Mother In Blackstone 'House Of Horrors' Case Gets 6-8 Years

blackstone house of horrors

Erika Murray in court for sentencing Thursday. (Karyn Regal/WBZ NewsRadio)

WORCESTER, Mass. (WBZ NewsRadio) — The mother in the so-called Blackstone 'house of horrors' case was sentenced to 6-8 years in prison Thursday.

Erika Murray was found to have severely neglected her two youngest living children, and left the remains of three infants in closets in her Blackstone home while caring for her oldest children.

Murray was initially accused of killing two of those three infants, and was charged with two counts of second-degree murder in their deaths; one of those charges was dismissed during the trial, and she was found not guilty of the other.

Last month, Murray was convicted on two counts of assault and battery on a child pertaining to her two younger children, as well as two counts of endangerment of animals.

"There is nothing about this case that is normal," Judge Janet Kenton-Walker said, summing up a trial that included graphic descriptions of filth and squalor in the home, allegations of mental illness and partner violence, and bizarre attempts by Murray to keep the older children from realizing the younger ones were their siblings.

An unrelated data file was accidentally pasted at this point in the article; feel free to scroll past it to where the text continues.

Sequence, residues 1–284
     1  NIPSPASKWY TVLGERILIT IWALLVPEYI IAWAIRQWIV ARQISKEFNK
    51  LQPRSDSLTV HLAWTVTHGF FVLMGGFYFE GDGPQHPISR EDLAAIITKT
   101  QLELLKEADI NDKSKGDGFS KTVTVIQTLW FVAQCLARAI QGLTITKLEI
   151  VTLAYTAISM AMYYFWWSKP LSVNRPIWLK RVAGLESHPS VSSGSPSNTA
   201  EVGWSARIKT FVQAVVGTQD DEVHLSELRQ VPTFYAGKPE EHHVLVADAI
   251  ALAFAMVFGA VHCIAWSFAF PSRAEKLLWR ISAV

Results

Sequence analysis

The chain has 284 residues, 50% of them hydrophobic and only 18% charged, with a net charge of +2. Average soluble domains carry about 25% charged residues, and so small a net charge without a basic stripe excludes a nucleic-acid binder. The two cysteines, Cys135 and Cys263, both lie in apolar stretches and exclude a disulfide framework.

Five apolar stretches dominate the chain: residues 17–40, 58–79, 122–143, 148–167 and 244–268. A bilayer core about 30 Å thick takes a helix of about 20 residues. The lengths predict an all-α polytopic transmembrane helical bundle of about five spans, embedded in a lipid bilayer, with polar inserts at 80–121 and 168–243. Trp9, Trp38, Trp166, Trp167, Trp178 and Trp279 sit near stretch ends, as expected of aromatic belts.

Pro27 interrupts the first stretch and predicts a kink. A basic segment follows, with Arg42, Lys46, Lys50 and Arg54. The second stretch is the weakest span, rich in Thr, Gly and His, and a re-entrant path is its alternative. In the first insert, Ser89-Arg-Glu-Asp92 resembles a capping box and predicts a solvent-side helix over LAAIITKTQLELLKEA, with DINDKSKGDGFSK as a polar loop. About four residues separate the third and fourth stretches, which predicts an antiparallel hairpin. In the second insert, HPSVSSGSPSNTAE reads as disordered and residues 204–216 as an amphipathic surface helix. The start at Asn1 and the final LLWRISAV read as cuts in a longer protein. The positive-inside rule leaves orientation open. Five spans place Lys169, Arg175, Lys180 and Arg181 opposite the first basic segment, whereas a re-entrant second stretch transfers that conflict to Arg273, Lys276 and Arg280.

Prosecutor Christopher Hodgens said he is haunted by the case.

"The defendant was derelict in her duties as a parent, but I think even dereliction doesn't really approach describing the conduct," Hodgens said.

Hodgens asked that Murray be sentenced to ten years, but Judge Janet Kenton-Walker gave her six to eight years, with five years probation.

Murray gets five years' credit for time served, so she could be out in a year.

"I cannot punish her, as much as some people would like me to, for three dead babies found in the closet," Kenton-Walker said. "She wasn’t convicted of that."

Judge Kenton-Walker said she took into consideration Murray’s mental state, as well as her alleged abuse by her boyfriend, Ray Rivera, in making her decision.

"She's disappointed," defense attorney Keith Halpern told WBZ NewsRadio's Karyn Regal about his client. "She was hoping that she would not have to serve any additional time."

Halpern said Murray has plans after prison, and has participated in several different vocational programs while in custody awaiting her trial.

"I think she hopes to lead as normal and as anonymous a life as she possibly can, and work and be left alone," he said.

Asked if Murray was sorry, Halpern did not answer.

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WBZ NewsRadio's Karyn Regal (@Karynregal) reports

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